Palmer soon got a response from Eshbach, along with the new chapter, and a note declaring, “It’s finished – and I’m not one bit sorry!  Between Flagg’s jelly characters and my desire to write something a bit out of the ordinary, I had one sweet time.”  Eshbach encouraged Palmer to adjust the chapter as necessary to fit in with the rest of the narrative and went on to praise the chapter written by Abraham Merritt, “The Last Poet and the Robots.”  Establishing himself as a fellow fan, Eshbach then complained about the latest issues of Amazing Stories and their reliance on reprints of Verna and Poe rather than fresh material…

(Full copies of the referenced correspondence between Palmer and Eshbach can be seen here.)

More insight into the origin of Cosmos is captured in “The Gernsback Days” by Mike Ashley and Robert A.W. Lowndes (Wildside Press, 2004) (pg 216):

Although Science Fiction Digest carried fiction, that was not its main feature.  Palmer, however, sought to remedy that by instigating a novelty in the form of a round-robin story to be published as a supplement.  The story had the overall title of Cosmos and ran for seventeen chapters, from July 1933 to January 1935.  Palmer provided the outline, which was rather old-hat space opera, and then reached agreement with sixteen other authors to write the series.  The authors joined in for the fun of it, interested to see how their chapters fitted in with that preceding, and what problems they could set for others to solve.  Since Palmer had set out the framework, the authors worked in advance on their sections before seeing the earlier chapters.  Francis Flagg, for instance, had already plotted his chapter before he saw the opening chapter from Ralph Milne Farley.  He put his thoughts in a letter to Ackerman:

A swell beginning, I think, tho on general principles I dislike emperors and princes as the heroes of stories.  You will note I never use them in that sense… However, Farley has done a good opening chapter; it will test the rest of us to live up to it.  Mine isn’t even written yet, tho plotted out somewhat.  But I’ve two months to do it in.  I’m looking forward to seeing Keller’s chapter.  He CAN write and should give us something original.  Farley’s will be a hard chapter to best for science, tho.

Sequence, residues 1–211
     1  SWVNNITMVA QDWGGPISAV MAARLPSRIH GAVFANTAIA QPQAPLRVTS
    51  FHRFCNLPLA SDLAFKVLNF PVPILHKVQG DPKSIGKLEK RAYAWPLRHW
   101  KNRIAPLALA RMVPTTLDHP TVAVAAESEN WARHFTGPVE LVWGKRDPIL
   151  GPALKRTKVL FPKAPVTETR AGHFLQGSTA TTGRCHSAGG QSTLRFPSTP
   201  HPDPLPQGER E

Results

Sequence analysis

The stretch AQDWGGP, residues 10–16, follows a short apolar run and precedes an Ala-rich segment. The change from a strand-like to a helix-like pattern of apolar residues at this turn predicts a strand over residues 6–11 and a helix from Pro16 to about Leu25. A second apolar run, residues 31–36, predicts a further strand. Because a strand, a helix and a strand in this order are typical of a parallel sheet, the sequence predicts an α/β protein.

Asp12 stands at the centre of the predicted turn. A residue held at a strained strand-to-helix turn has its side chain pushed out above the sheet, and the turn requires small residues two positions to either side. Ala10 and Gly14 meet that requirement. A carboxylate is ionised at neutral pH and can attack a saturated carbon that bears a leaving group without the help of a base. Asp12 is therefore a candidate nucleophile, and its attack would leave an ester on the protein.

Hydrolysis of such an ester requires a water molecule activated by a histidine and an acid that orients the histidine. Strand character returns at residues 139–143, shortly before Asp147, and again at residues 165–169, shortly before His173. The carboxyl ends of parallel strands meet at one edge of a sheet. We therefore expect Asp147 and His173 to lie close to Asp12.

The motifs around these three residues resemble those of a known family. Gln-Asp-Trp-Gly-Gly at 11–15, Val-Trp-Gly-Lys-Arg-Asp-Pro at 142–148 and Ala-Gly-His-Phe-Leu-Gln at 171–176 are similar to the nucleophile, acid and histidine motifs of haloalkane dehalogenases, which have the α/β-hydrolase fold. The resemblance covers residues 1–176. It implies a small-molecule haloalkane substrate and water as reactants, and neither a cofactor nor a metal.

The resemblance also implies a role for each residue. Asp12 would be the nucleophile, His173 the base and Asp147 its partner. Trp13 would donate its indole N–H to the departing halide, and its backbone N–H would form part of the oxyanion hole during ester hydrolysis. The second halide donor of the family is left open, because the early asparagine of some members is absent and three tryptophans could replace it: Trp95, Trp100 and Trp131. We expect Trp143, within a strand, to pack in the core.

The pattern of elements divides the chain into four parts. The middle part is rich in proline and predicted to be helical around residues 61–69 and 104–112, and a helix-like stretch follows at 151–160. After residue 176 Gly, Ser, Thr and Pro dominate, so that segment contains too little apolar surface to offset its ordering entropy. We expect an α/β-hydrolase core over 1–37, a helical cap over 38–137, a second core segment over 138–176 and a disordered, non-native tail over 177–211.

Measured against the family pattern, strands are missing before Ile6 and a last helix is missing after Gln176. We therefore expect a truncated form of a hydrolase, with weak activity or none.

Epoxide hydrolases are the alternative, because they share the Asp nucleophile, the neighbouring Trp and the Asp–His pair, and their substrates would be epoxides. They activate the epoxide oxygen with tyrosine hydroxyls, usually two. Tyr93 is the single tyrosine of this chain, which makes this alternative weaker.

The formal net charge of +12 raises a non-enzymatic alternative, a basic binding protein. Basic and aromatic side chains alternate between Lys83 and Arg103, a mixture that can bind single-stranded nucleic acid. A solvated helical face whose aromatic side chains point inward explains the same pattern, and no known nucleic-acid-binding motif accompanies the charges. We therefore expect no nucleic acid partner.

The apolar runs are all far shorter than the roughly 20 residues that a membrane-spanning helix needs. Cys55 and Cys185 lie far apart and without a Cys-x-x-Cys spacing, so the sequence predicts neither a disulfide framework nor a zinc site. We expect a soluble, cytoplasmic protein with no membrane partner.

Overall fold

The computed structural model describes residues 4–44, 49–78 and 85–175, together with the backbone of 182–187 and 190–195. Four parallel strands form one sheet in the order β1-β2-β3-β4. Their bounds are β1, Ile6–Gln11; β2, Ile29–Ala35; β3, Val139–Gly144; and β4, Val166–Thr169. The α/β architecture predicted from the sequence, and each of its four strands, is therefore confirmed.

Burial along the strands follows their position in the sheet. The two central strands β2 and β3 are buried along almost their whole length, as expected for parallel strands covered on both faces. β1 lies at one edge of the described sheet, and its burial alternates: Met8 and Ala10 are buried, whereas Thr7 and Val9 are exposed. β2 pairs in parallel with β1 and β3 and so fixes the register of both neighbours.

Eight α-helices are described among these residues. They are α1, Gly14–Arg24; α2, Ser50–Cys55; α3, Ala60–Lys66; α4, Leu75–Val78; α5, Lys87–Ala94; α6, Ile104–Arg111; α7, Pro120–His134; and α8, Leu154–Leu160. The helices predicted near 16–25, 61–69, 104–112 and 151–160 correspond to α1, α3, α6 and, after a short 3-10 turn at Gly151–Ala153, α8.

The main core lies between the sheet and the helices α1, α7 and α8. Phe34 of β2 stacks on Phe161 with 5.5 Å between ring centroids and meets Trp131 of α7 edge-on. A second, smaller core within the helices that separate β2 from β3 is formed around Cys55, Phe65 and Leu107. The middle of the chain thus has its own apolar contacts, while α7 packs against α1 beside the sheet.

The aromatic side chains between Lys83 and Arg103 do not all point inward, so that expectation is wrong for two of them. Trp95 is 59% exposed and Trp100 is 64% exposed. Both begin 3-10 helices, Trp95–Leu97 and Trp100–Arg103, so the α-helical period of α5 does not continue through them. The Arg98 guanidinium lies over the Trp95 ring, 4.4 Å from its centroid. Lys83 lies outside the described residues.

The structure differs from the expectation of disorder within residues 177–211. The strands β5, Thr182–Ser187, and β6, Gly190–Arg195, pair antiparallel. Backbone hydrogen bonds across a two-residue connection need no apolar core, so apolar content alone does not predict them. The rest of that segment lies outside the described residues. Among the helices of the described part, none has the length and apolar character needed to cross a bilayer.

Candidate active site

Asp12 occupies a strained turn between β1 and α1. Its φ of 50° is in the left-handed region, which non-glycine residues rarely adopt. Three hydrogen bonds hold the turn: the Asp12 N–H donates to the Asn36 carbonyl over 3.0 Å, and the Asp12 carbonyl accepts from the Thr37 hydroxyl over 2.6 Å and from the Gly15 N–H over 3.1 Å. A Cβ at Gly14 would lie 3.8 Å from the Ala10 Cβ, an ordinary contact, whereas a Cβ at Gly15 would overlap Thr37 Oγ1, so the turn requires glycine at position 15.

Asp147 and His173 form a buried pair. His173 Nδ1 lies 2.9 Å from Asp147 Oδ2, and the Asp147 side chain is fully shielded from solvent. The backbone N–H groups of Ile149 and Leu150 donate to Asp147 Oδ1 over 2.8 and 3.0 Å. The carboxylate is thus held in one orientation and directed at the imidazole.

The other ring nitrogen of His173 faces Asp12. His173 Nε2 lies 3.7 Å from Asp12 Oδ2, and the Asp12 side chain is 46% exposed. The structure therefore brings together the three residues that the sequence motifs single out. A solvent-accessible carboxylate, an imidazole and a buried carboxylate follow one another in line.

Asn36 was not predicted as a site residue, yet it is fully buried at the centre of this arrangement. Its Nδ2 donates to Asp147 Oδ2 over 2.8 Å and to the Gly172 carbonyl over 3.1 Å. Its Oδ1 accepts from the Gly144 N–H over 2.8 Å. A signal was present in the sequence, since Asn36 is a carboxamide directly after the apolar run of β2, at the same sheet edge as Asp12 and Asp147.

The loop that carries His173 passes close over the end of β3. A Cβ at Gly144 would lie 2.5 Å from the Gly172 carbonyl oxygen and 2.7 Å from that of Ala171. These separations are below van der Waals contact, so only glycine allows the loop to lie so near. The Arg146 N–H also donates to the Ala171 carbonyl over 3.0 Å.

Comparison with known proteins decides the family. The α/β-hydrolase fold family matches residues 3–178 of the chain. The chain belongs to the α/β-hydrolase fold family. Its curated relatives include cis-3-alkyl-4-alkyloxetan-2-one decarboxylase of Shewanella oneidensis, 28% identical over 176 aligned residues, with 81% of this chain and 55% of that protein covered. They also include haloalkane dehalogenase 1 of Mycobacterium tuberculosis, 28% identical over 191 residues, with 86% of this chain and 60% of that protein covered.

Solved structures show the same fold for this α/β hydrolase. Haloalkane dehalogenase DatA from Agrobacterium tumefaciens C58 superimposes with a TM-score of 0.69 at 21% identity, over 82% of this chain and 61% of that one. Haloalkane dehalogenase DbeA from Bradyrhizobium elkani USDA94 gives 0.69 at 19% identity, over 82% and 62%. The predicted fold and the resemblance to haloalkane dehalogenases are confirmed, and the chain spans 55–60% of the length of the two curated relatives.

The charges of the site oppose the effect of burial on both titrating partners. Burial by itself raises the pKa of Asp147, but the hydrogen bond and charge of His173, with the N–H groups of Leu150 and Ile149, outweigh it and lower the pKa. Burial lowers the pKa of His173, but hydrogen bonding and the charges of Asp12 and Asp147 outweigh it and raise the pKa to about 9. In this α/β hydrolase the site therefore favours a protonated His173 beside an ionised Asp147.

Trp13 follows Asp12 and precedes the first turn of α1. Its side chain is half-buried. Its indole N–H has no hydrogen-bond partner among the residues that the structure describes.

The full line-up of writers in Cosmos was awesome… They were all top names in the pulps, but to be able to bring together both Merritt and Smith in one serial was a bonanza for all fans.  Cosmos is far from great science fiction, and has to be read in the manner in which it was written.  Most of the chapters can stand on their own and Merritt’s in particular, “The Last Poet and the Robots” (April 1934), which was voted the most popular, is a gem of a story.  It is some measure of the affinity that existed between science-fiction devotees that writers were willing to spend time and contribute stories free of charge to the fan press while, at the same time, they were instigating legal proceedings against Huge Gernsback for recovery of unpaid fees for stories.  It is the clear distinction between work done for fun and that for profit.

It’s telling that these authors describe Cosmos as a “stunt” and a “novelty.”  I can’t argue that the resulting novel suffers from severe flaws, and that Palmer was undoubtedly interested in the self-promotion that the project would generate – but the enthusiasm he portrayed at the onset leads me to believe that he aspired to create a great piece of fiction as well.

Harry Warner shared a particularly revealing anecdote regarding Palmer in his book, “All Our Yesterdays” (Advent:Publishers, Inc., 1969), which I think shows his focus and ambition (pg 76 – 77):